Under this policy, “research” means activities in which you:
- Notify us as soon as possible after you discover a real or potential security issue.
- Make every effort to avoid privacy violations, degradation of user experience, disruption to production systems, and destruction or manipulation of data.
- Only use exploits to the extent necessary to confirm a vulnerability’s presence. Do not use an exploit to compromise or exfiltrate data, establish command line access and/or persistence, or use the exploit to pivot to other systems.
- Provide us a reasonable amount of time to resolve the issue before you disclose it publicly.
- Do not submit a high volume of low-quality reports.
Once you’ve established that a vulnerability exists or encounter any sensitive data (including personally identifiable information, financial information, or proprietary information or trade secrets of any party), you must stop your test, notify us immediately, and not disclose this data to anyone else.
The following test methods are not authorized:
- Brute Force attack testing or Network Denial of Service (DoS or DDoS) tests or other tests that impair access to or damage a system or data
- Physical testing (e.g. office access, open doors, tailgating), social engineering (e.g. phishing, vishing), or any other non-technical vulnerability testing
This policy applies to the following systems and services: https://goldwaterscholarship.gov/
Any service not expressly listed above, such as any connected services, are excluded from scope and are not authorized for testing. Additionally, vulnerabilities found in systems from our vendors fall outside of this policy’s scope and should be reported directly to the vendor according to their disclosure policy (if any). If you aren’t sure whether a system is in scope or not, contact us at BGSFsecurity@scholarshipamerica.org before starting your research.
Though we develop and maintain other internet-accessible systems or services, we ask that active research and testing only be conducted on the systems and services covered by the scope of this document. If there is a particular system not in scope that you think merits testing, please contact us to discuss it first. We will increase the scope of this policy over time.
Reporting a vulnerability
Information submitted under this policy will be used for defensive purposes only – to mitigate or remediate vulnerabilities. If your findings include newly discovered vulnerabilities that affect all users of a product or service and not solely BGSF, we may share your report with the Cybersecurity and Infrastructure Security Agency, where it will be handled under their coordinated vulnerability disclosure process. We will not share your name or contact information without express permission.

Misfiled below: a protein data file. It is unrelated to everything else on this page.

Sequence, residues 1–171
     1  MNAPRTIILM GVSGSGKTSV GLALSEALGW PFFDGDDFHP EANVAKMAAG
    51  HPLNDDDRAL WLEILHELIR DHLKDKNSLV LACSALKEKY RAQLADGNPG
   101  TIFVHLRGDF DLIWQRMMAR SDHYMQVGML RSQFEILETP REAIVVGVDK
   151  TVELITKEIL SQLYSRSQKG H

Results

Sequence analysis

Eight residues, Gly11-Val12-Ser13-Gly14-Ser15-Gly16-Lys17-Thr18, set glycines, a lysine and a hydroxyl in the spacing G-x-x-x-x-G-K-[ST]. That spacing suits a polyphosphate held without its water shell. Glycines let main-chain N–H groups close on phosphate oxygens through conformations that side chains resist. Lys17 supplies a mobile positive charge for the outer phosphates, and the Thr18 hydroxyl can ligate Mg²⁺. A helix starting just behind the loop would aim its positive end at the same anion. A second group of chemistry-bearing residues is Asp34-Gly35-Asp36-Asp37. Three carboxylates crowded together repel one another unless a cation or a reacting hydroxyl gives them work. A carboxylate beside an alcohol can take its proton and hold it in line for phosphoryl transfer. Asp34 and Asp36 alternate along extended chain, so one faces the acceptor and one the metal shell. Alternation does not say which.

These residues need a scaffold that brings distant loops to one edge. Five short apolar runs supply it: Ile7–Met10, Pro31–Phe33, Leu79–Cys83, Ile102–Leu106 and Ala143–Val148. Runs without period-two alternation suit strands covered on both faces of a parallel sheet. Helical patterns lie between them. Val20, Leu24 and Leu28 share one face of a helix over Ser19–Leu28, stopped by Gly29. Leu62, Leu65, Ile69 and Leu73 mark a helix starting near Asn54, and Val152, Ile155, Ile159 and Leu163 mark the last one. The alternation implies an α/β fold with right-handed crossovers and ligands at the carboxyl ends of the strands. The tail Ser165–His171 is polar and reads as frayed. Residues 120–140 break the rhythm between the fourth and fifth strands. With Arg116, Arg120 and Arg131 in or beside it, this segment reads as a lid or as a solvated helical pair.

We accept vulnerability reports at BGSFsecurity@scholarshipamerica.org. Reports may be submitted anonymously. If you share contact information, we will acknowledge receipt of your report within 3 business days.
We prefer emails to be encrypted.
What we would like to see from you
In order to help us triage and prioritize submissions, we recommend that your reports:
- Describe the location the vulnerability was discovered and the potential impact of exploitation.
- Offer a detailed description of the steps needed to reproduce the vulnerability (proof of concept scripts or screenshots are helpful).
- Be in English, if possible.
- By submitting a vulnerability, you acknowledge that you have no expectation of payment and that you expressly waive any future pay claims against the U.S. Government related to your submission.
What you can expect from us
When you choose to share your contact information with us, we commit to coordinating with you as openly and as quickly as possible.
- Within 3 business days, we will acknowledge that your report has been received.
- To the best of our ability, we will confirm the existence of the vulnerability to you and be as transparent as possible about what steps we are taking during the remediation process, including on issues or challenges that may delay resolution.
- We will maintain an open dialogue to discuss issues.
Questions regarding this policy may be sent to firstname.lastname@example.org. We also invite you to contact us with suggestions for improving this policy.
Document Change History
|1.0||March 1, 2021||First issuance|
No Fear Act
On May 15, 2002, Congress enacted the "Notification and Federal Employee Antidiscrimination and Retaliation Act of 2002," which is now known as the No FEAR Act. One purpose of the Act is to "require that Federal agencies be accountable for violations of antidiscrimination and whistleblower protection laws." Pub. L. 107-174, Summary. In support of this purpose, Congress found that "agencies cannot be run effectively if those agencies practice or tolerate discrimination." Pub. L. 107-74, Title I, General Provisions, Section 101(1).
The Act also requires this agency to provide this notice to Federal employees, former Federal employees and applicants for Federal employment to inform you of the rights and protections available to you under Federal antidiscrimination, whistleblower protection and retaliation laws.